Genetic improvement of entomopathogenic microbes: A retrospection
Hari Sankar SS and Reji Rani OP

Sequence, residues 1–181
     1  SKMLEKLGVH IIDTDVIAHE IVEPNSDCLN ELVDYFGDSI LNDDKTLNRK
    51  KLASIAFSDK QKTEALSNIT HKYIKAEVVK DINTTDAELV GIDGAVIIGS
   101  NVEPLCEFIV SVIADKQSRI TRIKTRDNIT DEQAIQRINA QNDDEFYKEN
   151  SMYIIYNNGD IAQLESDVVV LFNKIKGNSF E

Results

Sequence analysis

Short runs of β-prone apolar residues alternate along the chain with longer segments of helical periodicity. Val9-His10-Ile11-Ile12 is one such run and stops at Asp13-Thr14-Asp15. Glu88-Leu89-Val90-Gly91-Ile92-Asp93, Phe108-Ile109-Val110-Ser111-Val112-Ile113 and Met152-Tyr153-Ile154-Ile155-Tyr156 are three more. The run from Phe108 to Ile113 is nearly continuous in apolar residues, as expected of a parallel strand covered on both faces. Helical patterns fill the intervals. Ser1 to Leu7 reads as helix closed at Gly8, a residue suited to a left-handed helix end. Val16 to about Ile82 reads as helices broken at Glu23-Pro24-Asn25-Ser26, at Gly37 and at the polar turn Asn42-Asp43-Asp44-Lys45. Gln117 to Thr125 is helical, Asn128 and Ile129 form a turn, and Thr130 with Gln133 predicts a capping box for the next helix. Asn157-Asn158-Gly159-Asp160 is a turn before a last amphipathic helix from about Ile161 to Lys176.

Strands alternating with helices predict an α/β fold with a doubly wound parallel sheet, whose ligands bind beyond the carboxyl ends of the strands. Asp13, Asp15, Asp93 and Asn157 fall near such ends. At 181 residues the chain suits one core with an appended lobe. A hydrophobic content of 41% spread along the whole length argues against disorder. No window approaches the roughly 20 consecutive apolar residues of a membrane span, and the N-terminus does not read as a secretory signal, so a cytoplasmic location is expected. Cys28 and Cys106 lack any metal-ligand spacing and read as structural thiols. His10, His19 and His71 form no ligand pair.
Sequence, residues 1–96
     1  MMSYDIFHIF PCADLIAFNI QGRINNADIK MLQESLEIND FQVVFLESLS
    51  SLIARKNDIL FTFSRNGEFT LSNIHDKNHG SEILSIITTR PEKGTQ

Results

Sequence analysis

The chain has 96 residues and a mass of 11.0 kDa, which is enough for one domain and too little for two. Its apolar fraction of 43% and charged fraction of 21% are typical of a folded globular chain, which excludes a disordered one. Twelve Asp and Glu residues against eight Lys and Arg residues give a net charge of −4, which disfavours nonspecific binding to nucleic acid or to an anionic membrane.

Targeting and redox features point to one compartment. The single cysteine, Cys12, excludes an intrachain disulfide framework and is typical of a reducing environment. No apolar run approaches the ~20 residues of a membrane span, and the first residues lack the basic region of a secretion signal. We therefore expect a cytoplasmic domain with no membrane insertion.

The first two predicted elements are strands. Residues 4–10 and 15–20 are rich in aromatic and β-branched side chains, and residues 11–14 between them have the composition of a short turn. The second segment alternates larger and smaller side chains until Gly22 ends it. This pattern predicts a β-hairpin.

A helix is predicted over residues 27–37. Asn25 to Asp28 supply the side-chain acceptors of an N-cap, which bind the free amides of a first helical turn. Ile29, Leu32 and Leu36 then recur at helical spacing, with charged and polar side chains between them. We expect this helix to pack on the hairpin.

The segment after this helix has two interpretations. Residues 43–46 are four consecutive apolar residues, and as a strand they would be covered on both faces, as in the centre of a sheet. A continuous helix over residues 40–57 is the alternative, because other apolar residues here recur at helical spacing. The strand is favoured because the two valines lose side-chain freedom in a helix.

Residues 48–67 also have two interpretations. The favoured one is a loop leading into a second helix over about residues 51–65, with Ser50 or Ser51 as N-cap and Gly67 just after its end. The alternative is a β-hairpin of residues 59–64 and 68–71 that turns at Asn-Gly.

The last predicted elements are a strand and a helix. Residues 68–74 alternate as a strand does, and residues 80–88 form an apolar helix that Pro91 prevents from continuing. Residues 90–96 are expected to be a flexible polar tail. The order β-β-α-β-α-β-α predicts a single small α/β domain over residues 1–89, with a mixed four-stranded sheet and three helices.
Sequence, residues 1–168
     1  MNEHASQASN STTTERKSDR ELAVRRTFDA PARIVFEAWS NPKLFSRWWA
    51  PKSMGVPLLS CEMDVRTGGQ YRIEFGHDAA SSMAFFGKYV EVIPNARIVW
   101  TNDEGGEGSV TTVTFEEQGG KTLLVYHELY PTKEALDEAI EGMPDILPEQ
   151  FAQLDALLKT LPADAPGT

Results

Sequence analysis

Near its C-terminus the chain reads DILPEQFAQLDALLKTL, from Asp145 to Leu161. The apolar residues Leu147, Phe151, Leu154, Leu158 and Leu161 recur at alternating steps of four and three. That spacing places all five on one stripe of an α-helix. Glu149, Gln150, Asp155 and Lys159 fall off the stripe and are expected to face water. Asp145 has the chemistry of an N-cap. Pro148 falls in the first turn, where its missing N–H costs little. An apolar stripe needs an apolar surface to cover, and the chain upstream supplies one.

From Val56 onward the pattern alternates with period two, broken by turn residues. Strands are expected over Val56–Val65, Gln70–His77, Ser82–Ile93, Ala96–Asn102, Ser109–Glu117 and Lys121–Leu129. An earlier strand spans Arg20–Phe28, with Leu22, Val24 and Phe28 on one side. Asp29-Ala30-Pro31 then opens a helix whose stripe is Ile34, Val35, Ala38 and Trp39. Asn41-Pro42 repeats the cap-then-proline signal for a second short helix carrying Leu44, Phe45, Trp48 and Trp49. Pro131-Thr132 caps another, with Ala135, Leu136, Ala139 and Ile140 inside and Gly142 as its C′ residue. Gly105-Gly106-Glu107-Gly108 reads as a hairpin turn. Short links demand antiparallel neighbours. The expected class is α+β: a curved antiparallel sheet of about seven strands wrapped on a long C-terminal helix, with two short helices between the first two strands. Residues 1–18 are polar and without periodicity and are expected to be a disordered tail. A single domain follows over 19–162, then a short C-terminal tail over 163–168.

Entomopathogenic microbes are one among the three pillars upon which, the practical applicability of biological control as a pest management strategy has built upon. Their usage as effective pesticidal compounds started long before the advent of first chemical insecticides. The most prominent one, Bacillus thuringiensis (Bt) has been in use since 1939. Inspite of their ecofriendliness and safety parameters, their wide scale acceptance is still hindered by and large due to various factors. Narrow host range, slow kill nature, and expensive mass production protocols are few lacunae worth quoting. With the advent of biotechnology, genetic manipulation rose to be the single best solution to augment microbial pathogens of insects to emerge as suitable contenders for the less preferred chemical pesticides. On one side there is a vast pool of potent genes including arthropod toxin genes and on the other, there is an ocean of opportunities facilitated by modern biotechnology. The rising genetic manipulation also calls for addressing the ethical issues associated with it.